Climate variations have always had an impact on human activities. Sometimes the climate has even changed the history of entire civilisations with the advent of long periods of unfavourable conditions due, for example, to floods or droughts. Recent and unequivocal examples of climate impact are the abnormal harvest of 1972 and the tragic situation in the Sahel regions. The impact of climate variability will be even greater in the coming years as the demand for resources and food increases. In recent years, there has been increasing evidence that human activities can influence the Earth’s climate. Changes to the ozone layer, increased carbon dioxide and the production of tropospheric aerosols are among the questionable activities.
Other perturbations are linked to changes in the carbon cycle, probably due to the management cycle of forest resources. In contrast, there is evidence of climate variability in past epochs, both on scales of hundreds and thousands of years, as in the case of ice ages, but also on scales of tens of years, such as the so-called ‘little ice age’ of the 17th century. Better understood, climate variability could improve resource management and planning and bring undeniable economic benefits to the national and international community.
According to the traditional definition, climate is a characteristic that refers to a specific region of the Earth. It is well known that the Earth-atmosphere system has experienced alternating cold periods – glaciations and interglacials – the last of which began 15,000 years ago. Therefore, despite appearances, the Earth’s climate is extremely variable, and the amplitude of variations varies widely on both spatial and temporal scales. This means that the climate fluctuates from one region to another over the course of years. Not unlike any other natural phenomenon, climate, and its fluctuations (short- or long-term) are governed by physical laws. These laws and their identification are the subject of modern climate research. This field, once a branch of descriptive geography, has in the last quarter century developed into a quantitative discipline of physics. Short-term fluctuations and long-term variations result from internal processes or external influences, which operate on a complex system comprising the atmosphere, hydrosphere, land, cryosphere, and biosphere. This represents the ‘climate system’ in its combination. The different components of this system are mutually interactive with characteristic time scales that differ by orders of magnitude from each other. This occurs in such a way that a natural or induced variation in one of them gives rise to feedback processes that could cause a change in climate on both a global and regional/local scale.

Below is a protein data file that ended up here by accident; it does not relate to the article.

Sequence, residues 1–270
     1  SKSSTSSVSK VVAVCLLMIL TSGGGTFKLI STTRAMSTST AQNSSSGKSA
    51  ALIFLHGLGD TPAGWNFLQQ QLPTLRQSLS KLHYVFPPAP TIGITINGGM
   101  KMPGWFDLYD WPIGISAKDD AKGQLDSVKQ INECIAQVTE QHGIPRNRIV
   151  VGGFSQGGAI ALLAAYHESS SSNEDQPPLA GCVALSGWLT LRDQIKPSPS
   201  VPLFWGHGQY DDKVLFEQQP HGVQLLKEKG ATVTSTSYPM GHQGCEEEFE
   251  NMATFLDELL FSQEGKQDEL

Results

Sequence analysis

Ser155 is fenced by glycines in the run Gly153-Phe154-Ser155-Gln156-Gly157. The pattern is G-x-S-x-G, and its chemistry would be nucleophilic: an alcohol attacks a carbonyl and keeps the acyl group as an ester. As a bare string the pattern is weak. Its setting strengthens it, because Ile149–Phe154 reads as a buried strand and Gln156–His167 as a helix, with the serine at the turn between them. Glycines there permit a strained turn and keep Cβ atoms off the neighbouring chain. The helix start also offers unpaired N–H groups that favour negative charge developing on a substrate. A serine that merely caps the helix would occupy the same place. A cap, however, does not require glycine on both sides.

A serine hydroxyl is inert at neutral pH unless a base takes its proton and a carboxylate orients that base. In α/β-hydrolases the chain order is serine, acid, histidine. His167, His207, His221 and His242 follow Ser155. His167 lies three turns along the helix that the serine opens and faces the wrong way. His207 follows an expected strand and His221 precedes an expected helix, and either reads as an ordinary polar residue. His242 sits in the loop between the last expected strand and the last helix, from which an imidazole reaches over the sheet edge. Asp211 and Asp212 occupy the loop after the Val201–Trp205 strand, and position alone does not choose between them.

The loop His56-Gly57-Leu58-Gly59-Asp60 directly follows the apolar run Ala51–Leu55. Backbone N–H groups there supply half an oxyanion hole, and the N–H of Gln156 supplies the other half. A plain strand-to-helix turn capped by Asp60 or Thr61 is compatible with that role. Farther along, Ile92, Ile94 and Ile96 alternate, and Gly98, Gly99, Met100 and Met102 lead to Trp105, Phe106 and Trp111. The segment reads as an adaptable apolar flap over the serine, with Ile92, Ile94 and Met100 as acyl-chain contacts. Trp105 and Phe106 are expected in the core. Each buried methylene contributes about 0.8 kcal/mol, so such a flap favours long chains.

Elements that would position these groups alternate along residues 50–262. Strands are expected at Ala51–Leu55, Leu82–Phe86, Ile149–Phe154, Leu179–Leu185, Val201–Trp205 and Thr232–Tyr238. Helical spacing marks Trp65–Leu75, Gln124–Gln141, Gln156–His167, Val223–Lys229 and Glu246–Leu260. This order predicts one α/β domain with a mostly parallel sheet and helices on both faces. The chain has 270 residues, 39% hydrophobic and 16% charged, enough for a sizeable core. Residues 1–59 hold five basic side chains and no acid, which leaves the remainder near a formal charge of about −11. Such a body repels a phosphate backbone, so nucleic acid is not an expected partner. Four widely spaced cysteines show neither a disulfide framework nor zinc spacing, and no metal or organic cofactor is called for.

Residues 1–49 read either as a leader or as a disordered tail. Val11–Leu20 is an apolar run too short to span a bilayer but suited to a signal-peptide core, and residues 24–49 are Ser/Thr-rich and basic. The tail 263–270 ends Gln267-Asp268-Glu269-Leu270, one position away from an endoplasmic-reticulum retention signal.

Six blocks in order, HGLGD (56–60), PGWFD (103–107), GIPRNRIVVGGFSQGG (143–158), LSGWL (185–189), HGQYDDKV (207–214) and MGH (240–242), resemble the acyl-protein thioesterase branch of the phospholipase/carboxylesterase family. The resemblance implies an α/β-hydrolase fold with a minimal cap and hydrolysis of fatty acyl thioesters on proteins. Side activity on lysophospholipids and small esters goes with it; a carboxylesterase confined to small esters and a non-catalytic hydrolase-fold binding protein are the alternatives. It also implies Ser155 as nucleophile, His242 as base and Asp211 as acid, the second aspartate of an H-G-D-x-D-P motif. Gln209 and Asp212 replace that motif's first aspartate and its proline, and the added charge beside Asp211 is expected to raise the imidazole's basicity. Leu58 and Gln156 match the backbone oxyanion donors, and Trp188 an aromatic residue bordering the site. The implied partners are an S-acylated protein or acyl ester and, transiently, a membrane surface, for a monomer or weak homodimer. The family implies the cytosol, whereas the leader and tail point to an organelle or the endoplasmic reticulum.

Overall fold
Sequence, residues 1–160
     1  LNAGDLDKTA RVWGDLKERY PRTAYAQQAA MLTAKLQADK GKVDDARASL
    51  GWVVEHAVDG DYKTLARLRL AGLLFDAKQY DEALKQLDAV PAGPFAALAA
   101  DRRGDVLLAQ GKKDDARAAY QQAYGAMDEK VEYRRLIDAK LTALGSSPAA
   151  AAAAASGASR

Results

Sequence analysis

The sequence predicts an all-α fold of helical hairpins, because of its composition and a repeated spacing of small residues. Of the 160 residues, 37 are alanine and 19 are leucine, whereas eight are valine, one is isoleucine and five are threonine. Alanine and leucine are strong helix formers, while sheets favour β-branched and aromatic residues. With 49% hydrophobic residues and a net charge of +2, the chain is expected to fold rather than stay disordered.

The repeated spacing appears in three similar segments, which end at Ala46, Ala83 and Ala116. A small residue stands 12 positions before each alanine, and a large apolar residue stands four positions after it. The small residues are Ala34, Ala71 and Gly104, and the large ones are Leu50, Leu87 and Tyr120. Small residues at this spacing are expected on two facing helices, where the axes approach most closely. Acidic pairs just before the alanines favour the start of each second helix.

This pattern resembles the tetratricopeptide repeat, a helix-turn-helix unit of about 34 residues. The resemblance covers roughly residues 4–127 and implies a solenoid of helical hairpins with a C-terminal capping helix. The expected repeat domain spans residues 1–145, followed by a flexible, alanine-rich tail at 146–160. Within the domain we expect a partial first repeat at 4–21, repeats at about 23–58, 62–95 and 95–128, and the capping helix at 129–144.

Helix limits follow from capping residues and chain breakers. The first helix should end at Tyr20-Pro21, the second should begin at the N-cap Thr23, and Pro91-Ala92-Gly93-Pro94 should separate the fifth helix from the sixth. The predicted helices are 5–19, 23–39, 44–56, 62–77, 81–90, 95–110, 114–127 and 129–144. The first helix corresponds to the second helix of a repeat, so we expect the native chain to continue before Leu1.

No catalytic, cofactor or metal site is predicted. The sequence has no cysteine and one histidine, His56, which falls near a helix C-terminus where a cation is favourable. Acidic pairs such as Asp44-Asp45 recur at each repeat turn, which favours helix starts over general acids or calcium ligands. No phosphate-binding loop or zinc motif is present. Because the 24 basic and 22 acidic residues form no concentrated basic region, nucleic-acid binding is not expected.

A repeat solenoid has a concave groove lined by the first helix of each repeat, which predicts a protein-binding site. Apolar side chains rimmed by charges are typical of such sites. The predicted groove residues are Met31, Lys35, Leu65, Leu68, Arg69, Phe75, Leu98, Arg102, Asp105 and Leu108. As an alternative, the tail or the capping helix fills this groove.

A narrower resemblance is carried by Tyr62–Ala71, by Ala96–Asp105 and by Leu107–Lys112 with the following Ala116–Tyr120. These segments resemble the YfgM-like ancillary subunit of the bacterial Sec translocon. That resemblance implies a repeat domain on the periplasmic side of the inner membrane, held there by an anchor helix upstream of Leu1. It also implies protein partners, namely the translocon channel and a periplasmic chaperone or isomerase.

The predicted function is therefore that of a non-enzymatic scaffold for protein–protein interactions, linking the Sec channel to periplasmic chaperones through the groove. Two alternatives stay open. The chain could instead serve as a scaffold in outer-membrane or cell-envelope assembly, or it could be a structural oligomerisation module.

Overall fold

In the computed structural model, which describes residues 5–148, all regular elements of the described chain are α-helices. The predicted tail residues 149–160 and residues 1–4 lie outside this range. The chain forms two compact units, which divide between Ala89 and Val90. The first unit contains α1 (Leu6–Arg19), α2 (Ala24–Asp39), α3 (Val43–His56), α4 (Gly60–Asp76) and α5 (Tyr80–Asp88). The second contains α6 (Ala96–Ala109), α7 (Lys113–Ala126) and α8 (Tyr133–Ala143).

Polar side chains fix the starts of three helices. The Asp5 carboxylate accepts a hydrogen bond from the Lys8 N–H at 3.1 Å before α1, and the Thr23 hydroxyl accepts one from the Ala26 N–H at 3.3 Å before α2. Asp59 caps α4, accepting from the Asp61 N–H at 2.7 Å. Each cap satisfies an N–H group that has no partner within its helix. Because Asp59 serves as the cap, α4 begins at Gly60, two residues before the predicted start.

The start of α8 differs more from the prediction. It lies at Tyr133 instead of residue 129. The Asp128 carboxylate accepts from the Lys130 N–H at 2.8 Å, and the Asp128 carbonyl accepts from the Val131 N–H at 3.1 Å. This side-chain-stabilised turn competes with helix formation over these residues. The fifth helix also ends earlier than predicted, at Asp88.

The International School of Climatology aims to be a highly qualified forum that brings together the world’s most distinguished scientists. It will allow them to compare their experiences and share their views on the above-mentioned topics. It also offers deserving young students an exceptional opportunity to learn about the most up-to-date theories and studies in climatology.